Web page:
As centers of knowledge in land and wildlife management, NRS scientists and reserve personnel are frequent contributors to regional planning efforts. Their appreciation for local ecosystem processes and species interactions, as well as access to academic experts, makes reserves valuable partners in improving environmental conditions for people and wildlife alike.
More than 150 years of fire suppression and management to maximize timber production in the Sierra Nevada has resulted in limited diversity in tree species, sizes and ages; fuels accumulation; susceptibility to drought and disease; and lower quality habitat for wildlife. Sagehen Creek Field Station is the test site for a new U.S. Forest Service approach called Strategically Placed Land Area Treatments (SPLATs) that thins the forest to produce habitat diversity while minimizing burn intensity. Stakeholders ranging from loggers, environmentalists, agency staff, academics, NGOs, and interested citizens learned about and commented on the process, a collaboration that produced unprecedented acceptance by participants.
The protected boundaries of many NRS reserves are critically important for wildlife. They serve as corridors for migrating species, core habitat for organisms crowded out by urban development, and nurseries for fishes, seals, and marine invertebrates that go on to populate surrounding waters. Because the interests of the NRS lie in maintaining the natural processes and populations of its reserves, its personnel often participate in planning efforts for adjacent areas. The expertise of NRS staff has contributed to the establishment of the nation's first habitat conservation plan (HCP), the management of marine protected areas, water diversions for wildlife, and many other matters. By lending insights and leadership to conservation planning, NRS stewardship of reserves contributes to the overall health of California's environment.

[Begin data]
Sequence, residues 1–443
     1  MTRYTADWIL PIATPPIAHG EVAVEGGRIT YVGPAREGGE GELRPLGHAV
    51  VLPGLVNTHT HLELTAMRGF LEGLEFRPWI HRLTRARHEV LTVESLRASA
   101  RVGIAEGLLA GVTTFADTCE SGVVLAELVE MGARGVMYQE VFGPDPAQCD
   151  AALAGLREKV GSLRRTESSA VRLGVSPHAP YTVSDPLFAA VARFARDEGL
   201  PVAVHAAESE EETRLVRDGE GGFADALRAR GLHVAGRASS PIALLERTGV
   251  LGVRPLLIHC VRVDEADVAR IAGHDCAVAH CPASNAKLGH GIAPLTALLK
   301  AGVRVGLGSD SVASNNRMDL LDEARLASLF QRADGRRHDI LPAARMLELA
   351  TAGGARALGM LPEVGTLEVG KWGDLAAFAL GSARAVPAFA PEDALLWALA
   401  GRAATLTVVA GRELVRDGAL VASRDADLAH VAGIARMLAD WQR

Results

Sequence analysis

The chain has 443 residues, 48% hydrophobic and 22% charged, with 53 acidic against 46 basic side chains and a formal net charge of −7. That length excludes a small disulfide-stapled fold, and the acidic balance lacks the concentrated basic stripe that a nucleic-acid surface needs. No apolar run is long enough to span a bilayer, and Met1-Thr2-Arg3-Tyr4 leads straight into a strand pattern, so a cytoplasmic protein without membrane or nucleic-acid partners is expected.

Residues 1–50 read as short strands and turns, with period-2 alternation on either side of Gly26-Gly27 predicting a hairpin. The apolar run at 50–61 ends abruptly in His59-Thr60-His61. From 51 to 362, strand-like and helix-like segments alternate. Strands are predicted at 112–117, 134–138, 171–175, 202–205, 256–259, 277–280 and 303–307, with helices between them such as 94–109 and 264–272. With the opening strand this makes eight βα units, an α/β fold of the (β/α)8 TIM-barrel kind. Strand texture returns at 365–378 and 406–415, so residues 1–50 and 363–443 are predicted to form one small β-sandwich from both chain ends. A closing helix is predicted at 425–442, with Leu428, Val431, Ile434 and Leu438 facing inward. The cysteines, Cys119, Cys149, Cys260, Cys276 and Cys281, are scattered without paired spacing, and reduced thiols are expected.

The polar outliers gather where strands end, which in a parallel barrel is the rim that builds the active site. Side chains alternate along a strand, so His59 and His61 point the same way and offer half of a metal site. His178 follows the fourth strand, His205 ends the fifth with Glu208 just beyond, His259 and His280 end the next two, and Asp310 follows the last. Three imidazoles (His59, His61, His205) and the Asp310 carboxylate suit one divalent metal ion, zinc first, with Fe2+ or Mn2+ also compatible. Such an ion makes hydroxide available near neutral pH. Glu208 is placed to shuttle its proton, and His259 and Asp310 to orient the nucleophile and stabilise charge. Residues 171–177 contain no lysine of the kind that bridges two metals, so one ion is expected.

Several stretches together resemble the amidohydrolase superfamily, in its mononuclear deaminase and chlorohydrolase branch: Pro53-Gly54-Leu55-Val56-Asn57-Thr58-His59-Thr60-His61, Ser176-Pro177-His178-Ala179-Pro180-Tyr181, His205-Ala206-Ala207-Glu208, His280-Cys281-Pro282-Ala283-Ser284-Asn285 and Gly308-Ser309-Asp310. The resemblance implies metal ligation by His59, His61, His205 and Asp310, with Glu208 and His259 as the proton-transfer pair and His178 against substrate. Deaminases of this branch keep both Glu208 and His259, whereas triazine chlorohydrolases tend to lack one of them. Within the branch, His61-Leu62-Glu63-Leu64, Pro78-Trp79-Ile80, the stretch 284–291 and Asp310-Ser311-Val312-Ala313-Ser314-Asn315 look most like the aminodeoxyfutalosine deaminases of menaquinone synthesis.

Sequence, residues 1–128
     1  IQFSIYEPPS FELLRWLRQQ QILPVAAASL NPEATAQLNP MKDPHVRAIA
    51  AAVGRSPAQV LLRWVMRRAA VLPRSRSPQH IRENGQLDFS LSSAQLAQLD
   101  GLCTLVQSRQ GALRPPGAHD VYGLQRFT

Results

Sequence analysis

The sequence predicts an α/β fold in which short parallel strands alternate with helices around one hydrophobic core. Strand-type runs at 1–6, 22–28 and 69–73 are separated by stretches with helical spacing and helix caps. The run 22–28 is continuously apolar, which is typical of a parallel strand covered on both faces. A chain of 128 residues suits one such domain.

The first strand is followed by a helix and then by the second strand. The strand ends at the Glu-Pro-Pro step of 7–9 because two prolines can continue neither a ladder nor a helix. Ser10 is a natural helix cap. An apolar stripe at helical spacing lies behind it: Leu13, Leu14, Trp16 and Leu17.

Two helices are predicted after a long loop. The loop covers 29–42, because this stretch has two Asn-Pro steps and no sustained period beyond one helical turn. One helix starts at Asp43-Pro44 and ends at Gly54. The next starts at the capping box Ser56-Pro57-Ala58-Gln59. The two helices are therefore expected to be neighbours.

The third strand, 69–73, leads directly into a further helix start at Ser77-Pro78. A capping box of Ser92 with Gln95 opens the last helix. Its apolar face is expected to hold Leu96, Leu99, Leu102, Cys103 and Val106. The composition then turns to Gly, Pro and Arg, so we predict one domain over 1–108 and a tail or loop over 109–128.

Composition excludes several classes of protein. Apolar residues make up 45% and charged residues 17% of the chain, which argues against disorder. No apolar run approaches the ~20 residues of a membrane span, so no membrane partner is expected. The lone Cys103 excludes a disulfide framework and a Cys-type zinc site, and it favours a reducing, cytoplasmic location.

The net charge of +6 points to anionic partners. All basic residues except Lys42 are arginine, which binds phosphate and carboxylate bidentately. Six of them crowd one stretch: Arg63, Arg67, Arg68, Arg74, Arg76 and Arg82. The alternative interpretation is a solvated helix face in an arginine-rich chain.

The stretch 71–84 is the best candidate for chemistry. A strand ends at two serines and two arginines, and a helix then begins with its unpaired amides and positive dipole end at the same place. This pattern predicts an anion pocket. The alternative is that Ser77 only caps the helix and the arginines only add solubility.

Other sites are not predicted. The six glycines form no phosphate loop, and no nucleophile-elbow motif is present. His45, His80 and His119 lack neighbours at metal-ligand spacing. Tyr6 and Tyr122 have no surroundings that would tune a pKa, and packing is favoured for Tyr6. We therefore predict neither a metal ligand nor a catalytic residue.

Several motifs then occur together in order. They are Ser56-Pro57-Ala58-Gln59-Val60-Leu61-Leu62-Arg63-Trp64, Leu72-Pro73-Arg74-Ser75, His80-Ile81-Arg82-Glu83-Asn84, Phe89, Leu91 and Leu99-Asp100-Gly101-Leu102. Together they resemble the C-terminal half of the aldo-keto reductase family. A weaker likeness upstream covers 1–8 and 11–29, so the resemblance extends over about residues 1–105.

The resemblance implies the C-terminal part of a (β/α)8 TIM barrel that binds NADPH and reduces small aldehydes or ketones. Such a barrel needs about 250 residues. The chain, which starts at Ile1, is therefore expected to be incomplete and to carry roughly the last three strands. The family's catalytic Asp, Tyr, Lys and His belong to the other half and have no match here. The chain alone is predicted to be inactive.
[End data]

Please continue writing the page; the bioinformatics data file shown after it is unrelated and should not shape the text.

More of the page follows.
Reserve managers at Sagehen Creek Field Station are helping to reduce collisions between cars and wildlife along a busy road adjacent to the reserve. Surrounded by national forest lands, the road also bisects the migration route of a local deer herd. The Highway 89 Stewardship Team worked with CalTrans to identify the best location for an animal underpass, and is now working on a second crossing.